The Serbian property development and real estate market has, for years, been a safe haven of choice for murky businessmen looking to legitimise their offshore wealth, corrupt politicians cashing in on their manipulation of institutions, and for criminal clans laundering money from illicit trade.

However, the influence of these entities on the overall stability of the market had only become significant after 2008. The debt crisis and subsequent contraction in the purchasing power of the local population had driven the construction industry to the edge of extinction and knocked down property prices, thereby opening the doors for various forms of shadow political and criminal influences.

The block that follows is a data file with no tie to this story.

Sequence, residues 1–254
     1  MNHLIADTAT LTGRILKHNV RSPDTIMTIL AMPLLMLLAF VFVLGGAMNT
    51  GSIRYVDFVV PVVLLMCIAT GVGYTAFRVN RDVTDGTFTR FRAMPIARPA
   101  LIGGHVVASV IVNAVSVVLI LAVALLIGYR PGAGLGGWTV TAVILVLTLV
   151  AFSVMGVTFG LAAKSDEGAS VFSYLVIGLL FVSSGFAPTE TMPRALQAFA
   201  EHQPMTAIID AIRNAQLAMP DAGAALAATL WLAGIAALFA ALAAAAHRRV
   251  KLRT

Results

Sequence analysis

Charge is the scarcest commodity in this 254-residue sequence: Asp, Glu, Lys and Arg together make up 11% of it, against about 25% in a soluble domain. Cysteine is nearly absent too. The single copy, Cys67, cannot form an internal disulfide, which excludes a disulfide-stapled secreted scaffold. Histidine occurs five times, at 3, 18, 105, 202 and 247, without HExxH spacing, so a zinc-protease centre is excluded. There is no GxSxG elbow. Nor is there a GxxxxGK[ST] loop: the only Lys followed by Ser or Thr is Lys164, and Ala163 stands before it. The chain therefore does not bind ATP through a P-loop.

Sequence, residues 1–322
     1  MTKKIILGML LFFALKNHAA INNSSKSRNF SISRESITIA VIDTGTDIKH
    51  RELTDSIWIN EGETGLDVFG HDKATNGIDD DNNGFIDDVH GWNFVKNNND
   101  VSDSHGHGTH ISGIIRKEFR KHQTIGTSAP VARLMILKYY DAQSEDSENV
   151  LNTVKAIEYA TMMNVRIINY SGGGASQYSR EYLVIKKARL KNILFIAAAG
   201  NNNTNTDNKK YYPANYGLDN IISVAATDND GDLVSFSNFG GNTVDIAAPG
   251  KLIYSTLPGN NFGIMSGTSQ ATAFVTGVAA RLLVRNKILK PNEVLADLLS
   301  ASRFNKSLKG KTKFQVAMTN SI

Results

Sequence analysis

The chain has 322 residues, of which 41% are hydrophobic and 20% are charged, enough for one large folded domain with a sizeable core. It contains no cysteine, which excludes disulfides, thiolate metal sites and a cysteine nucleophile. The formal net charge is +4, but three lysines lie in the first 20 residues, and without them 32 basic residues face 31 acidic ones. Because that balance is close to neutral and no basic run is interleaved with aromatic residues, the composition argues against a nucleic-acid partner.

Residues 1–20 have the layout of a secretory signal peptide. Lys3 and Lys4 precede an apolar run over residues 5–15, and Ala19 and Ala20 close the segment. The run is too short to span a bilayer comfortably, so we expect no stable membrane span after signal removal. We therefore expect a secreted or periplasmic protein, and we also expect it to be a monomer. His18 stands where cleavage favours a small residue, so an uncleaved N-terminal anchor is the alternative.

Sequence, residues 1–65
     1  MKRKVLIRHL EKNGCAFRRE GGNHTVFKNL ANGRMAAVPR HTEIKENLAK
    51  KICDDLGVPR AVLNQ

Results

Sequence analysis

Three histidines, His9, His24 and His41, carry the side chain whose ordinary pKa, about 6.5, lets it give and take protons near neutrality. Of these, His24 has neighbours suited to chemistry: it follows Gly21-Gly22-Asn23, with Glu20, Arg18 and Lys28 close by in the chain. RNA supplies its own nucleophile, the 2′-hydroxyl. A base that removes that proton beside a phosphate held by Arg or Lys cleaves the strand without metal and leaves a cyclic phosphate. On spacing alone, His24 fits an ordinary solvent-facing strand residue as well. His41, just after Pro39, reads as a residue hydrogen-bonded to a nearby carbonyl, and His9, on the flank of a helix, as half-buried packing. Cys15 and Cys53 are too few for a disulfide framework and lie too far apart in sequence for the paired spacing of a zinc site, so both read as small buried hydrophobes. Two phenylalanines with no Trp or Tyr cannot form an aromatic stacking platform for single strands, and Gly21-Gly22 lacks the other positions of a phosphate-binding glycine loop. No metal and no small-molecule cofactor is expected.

In Serbia, the region’s largest nation, the process of state capture under the autocratic rule of Prime Minister-turned-President Aleksandar Vučić has transformed the property market into a highly useful tool of informal political influence. Unchecked political control over state institutions has allowed individuals from within the President’s inner circle to create and amend rules and regulations to fit the needs of investors, including those with questionable credibility and reputations.